Ariva is another dissolvable tobacco product that resembles breath mints; reports indicate that it has recently become available in Cedar Falls and appears to be popular with young tobacco users. A study conducted by the Virginia Foundation for Healthy Youth revealed that 40 percent of kids under the age of 18 thought Orbs were candy or mints. The study further indicated that 27 percent of the kids not currently using tobacco would still be willing to try Orbs. Additionally, parents and teachers may have a difficult time detecting a youth using Orbs or Arriva if the adolescent were to place them in a Tic Tac container.
These new products are available in mellow, frost, winter chill, spearmint, and peppermint flavors, increasing their potential popularity among youth. The chance of youth obtaining these products increases once they have been released to retailers within the community. Even the containers that many of the new products are packaged in may assist youth in concealing them. For instance, a container of Snus in a student’s pocket may look as though they were carrying a cell phone. Furthermore, there appears to be a perception among those that use these products that they are a safe alternative to cigarettes. Research on the exact health issues is still limited, but given what we already know from past products, the outcome has the potential to amplify the health issues and addiction that are already destroying the lives of so many. With all that the schools are currently dealing with, I can’t imagine that the introduction of these new products would make their job any easier. Regardless of how communities choose to address these issues, our first step in this process is to stay informed.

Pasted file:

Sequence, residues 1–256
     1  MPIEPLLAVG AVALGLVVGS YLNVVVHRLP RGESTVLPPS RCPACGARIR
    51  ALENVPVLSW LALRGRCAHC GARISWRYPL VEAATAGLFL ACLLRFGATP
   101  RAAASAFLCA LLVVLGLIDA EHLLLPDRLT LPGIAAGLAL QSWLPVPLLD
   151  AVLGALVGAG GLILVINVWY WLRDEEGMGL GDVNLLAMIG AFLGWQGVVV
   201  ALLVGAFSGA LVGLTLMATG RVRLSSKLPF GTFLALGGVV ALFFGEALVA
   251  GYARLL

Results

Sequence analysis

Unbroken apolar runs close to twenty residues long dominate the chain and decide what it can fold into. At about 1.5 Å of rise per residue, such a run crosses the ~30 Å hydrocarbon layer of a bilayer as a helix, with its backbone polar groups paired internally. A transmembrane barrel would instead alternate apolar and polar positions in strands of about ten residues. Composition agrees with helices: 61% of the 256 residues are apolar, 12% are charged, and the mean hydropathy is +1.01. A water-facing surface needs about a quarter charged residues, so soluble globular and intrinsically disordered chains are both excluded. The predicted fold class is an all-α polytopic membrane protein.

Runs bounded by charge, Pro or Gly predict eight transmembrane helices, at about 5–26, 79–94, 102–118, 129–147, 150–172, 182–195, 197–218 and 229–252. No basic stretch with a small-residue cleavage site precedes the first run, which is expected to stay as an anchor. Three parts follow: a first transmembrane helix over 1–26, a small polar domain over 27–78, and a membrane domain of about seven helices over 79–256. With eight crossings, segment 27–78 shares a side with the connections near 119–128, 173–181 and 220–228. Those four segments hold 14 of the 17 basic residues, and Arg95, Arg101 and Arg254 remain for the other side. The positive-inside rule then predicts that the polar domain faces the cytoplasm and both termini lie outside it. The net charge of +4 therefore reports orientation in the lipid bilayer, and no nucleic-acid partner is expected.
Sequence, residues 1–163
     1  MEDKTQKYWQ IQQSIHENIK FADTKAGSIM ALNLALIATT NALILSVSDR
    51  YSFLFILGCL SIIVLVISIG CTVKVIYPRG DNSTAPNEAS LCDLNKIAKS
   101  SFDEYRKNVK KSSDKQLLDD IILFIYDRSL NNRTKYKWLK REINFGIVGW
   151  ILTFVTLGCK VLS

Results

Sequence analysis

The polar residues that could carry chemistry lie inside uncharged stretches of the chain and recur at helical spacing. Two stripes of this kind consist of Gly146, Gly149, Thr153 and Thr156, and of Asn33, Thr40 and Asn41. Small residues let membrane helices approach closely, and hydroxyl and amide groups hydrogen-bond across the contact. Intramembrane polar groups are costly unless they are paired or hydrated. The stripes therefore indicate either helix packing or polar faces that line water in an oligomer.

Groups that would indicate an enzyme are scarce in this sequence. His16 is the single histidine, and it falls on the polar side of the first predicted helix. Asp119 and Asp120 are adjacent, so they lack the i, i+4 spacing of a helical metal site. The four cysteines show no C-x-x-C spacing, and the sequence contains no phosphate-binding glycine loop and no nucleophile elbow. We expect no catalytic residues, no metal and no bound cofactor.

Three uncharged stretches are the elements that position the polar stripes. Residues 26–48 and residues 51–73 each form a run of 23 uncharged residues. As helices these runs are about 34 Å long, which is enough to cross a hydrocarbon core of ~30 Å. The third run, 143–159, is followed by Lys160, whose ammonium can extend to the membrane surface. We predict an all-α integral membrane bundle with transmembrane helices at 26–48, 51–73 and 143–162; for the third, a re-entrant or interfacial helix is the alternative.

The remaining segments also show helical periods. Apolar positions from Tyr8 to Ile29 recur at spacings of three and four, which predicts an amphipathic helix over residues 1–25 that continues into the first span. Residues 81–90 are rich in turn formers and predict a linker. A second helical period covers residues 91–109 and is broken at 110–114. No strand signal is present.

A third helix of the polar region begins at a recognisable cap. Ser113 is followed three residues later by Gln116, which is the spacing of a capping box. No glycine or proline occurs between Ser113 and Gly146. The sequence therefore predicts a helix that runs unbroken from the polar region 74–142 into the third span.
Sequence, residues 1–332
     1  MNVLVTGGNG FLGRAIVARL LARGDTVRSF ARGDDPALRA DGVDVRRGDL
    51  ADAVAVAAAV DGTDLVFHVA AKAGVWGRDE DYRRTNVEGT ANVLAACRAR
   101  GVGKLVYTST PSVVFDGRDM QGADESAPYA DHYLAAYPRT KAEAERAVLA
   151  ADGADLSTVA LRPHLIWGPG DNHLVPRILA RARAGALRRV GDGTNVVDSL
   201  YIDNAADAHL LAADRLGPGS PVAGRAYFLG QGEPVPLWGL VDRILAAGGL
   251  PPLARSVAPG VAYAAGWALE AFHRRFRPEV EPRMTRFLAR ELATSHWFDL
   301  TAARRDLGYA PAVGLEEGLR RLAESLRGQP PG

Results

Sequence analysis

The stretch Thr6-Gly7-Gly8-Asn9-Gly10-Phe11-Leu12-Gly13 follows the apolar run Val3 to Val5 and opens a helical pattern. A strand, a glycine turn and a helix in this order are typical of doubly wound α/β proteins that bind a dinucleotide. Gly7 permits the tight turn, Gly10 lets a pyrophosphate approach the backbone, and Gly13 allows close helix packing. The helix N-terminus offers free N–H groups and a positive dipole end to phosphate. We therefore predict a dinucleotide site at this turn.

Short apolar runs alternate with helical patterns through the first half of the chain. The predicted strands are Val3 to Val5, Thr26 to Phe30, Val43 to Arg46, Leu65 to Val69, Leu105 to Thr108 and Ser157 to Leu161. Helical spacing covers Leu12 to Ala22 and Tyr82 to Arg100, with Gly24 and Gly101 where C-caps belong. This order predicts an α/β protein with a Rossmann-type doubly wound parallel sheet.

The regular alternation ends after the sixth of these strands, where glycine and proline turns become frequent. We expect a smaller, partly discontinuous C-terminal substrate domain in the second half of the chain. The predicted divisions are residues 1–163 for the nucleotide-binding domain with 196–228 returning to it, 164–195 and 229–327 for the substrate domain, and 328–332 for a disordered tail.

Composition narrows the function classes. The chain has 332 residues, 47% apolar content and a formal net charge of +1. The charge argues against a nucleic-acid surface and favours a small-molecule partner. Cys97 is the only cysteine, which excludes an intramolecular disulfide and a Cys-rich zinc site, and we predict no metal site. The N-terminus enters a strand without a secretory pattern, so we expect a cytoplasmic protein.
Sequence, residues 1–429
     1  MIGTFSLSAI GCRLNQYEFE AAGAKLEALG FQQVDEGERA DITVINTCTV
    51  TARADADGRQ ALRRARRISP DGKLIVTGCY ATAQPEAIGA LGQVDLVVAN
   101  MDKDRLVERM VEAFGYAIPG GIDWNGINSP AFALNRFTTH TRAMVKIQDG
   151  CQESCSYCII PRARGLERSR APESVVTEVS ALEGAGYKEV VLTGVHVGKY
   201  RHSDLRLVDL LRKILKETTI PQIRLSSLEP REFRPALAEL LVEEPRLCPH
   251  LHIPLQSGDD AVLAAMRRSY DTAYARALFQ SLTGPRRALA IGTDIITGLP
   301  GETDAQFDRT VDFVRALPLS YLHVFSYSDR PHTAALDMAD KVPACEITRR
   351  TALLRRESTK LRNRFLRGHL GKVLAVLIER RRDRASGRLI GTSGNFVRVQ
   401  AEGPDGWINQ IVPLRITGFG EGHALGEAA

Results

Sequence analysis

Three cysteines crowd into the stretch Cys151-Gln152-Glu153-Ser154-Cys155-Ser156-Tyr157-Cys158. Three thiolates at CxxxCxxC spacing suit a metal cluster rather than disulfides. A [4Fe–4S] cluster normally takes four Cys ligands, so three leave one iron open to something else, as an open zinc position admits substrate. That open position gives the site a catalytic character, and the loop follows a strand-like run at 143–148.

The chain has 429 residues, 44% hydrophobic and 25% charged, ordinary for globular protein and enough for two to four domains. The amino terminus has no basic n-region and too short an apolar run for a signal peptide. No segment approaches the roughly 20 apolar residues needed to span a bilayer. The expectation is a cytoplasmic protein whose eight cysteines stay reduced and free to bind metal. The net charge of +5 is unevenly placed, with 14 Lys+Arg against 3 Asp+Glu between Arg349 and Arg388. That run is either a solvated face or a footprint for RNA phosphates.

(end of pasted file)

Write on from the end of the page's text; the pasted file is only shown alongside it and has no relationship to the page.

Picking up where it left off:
Grant Wood AEA expands PowerSchool Options

Thousands in Eastern Iowa log into Power School, Pearson’s online school information system, every day.

Teachers enter grades. Office staff track school absences. Parents check on homework assignments.